CTI Announces Removal of the Partial Clinical Hold on Tosedostat
News Jan 02, 2014
Cell Therapeutics, Inc. (CTI) has announced that it has received notification from the U.S. Food and Drug Administration (FDA) that the partial clinical hold on tosedostat (IND 075503) has been removed and all studies underway may continue.
Tosedostat is a first-in-class selective inhibitor of aminopeptidases, which are required by tumor cells to provide amino acids necessary for growth and tumor cell survival, and is under development for the treatment of blood-related cancers.
Tosedostat is currently being studied in the United States and European Union in investigator-sponsored and cooperative group-sponsored Phase 2 trials in elderly patients with newly diagnosed and relapsed acute myeloid leukemia (AML) and high-risk myelodysplastic syndromes (MDS).
"We are pleased that the FDA has responded favorably to the tosedostat clinical trial data provided and removed the partial clinical hold to allow further development of tosedostat in ongoing and future studies," said John Pagel, MD, PhD, Associate Member, Clinical Research Division, Fred Hutchinson Cancer Research Center; Associate Professor, Medical Oncology Division, University of Washington School of Medicine; and Principal Investigator in the tosedostat first-line AML/MDS trial.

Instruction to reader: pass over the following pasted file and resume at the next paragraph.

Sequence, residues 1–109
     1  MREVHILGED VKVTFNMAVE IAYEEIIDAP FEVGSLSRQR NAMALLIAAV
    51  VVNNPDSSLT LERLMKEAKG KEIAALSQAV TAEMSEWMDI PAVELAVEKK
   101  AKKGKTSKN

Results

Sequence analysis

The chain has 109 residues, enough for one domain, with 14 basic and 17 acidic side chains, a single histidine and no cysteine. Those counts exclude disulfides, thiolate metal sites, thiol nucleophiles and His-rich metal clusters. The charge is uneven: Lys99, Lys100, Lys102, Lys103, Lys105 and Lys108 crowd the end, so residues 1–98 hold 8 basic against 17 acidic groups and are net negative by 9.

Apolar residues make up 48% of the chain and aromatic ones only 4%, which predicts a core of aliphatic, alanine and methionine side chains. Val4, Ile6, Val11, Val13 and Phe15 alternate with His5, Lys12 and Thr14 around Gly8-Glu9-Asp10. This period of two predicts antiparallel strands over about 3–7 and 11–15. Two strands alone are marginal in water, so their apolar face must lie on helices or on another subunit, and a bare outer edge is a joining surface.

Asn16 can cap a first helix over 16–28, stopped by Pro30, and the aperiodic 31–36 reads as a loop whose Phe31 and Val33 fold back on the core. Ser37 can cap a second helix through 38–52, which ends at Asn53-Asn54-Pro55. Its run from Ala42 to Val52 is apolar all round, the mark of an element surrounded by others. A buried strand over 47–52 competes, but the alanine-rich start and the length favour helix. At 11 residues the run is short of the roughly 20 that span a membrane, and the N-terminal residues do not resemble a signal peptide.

High Fruit and Veg Consumption May Reduce Breast Cancer RiskNews
Women who eat a high amount of fruits and vegetables each day may have a lower risk of breast cancer, especially of aggressive tumors, than those who eat fewer fruits and vegetables, according to a new study led by researchers from Harvard T.H. Chan School of Public Health.READ MORE
Kidney Cancer Driver Could Lead to New Treatment StrategyNews
Scientists have uncovered a potential therapeutic target for kidney cancers that have a common genetic change. Scientists have known this genetic change can lead to an overabundance of blood vessels, which help feed nutrients to the tumors. Their latest finding shows a potential new cancer-driving pathway.READ MORE
Why Might Super-Tasters be at Higher Cancer Risk?News
High bitter-taste sensitivity is associated with a significantly increased risk of cancer in older British women, according to researchers who conducted a unique study of 5,500 women whose diet, lifestyle and health has been tracked for about 20 years.READ MORE